First digital image dedicated to my mom was manipulated digitally and physically. Type C print, 26" x 42" ©1986

First digital image dedicated to my mom was manipulated digitally and physically. Type C print, 26" x 42" ©1986

MY FIRST DIGITAL IMAGE

I began working digitally while studying with Paul Berger at the University of Washington in the late 80's.  With the death of my father, I started working with my family archives. My work began to focus on the relationships of people, specifically that of families. It was also at this time that I began to use the computer for my art making. Since then, the elements of the family photograph and the electronic media remain prevalent in my work.  In the beginning, my images where very autobiographical; they were, in fact, documentation of my family history.  I began incorporating family images beyond my personal album as a way to create a collective history, one which would allow individuals to bring their own memories to my work.

ABOUT MARTINA LOPEZ

Lopez has been working with the 19th century portrait, landscape and the digital media since 1985. Her interest in the electronic environment lies in the believability of the photograph and malleability of the digital medium. For the last several years, she has been interested in the idea of the digital one of a kind image. Lopez’s artwork has been featured in such publications as Aperture Magazine and Naomi Rosenblum's A World History of Photography. The Digital Eye, by Sylvia Wolf, Director of the Henry Art Gallery and former curator of photography at the Whitney Museum and the Art Institute of Chicago. Most recently her work was included in a book by Mary Warner Marien, Professor Emerita at Syracuse University and the Batza Family Professor at Colgate University. Her book, 100 Ideas That Changed Photography, discusses the most influential ideas in photography’s history from the Daguerreotype to current technologies.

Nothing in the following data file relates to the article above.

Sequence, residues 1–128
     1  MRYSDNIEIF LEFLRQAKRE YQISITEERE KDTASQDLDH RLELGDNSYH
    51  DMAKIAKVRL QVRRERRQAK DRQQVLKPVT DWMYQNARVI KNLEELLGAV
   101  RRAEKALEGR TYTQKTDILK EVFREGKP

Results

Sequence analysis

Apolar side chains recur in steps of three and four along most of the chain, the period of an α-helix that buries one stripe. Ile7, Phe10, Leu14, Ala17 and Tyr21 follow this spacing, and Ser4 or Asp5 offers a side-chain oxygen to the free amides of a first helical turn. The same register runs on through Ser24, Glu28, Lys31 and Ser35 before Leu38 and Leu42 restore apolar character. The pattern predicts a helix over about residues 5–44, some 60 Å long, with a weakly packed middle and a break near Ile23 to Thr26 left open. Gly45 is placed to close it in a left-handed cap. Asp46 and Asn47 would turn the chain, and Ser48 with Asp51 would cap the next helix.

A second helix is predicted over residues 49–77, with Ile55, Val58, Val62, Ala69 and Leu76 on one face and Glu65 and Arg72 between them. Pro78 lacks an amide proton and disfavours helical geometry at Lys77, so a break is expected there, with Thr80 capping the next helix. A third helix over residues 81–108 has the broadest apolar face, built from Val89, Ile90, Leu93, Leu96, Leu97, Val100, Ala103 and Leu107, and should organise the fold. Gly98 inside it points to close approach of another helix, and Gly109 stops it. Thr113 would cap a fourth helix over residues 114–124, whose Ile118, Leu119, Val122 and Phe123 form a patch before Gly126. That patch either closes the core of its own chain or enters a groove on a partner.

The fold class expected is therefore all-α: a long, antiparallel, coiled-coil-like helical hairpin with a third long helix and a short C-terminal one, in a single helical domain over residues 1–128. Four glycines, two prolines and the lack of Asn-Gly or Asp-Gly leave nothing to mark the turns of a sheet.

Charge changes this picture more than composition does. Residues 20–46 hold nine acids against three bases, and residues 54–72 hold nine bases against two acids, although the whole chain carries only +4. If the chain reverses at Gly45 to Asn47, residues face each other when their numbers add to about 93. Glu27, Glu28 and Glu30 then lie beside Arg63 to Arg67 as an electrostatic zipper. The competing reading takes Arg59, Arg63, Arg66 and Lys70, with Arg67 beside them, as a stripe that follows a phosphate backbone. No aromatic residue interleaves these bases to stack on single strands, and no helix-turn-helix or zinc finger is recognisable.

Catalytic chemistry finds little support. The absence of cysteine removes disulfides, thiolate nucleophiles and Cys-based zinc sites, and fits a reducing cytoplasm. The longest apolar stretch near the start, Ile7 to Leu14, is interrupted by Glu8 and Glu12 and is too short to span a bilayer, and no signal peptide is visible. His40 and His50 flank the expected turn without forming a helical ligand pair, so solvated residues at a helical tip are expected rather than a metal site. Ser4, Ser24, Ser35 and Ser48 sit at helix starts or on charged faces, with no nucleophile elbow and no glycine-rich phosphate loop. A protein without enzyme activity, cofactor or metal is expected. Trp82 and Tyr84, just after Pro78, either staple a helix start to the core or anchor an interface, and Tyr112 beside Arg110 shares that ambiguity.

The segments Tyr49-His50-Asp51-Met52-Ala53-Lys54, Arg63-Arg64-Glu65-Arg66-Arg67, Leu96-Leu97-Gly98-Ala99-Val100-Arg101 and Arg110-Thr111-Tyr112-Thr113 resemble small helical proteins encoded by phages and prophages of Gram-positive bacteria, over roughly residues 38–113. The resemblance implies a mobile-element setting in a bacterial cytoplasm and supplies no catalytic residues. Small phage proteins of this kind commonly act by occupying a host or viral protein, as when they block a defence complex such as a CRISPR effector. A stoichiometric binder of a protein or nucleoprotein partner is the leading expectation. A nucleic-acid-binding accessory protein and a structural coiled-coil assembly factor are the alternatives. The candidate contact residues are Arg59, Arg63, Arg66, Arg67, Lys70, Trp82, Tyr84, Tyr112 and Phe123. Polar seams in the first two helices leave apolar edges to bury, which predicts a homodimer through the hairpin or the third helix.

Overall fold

Lopez has received several grants including a National Endowment for the Arts Visual Arts Photography Fellowship. Her work is in many private and public collections such as the Art Institute of Chicago, The Smithsonian American Art Museum in Washington, DC and the Center for Creative Photography in Tucson, Arizona. Lopez has been teaching at the University of Notre Dame since 1993. Her artwork is represented by Schneider Gallery, Chicago.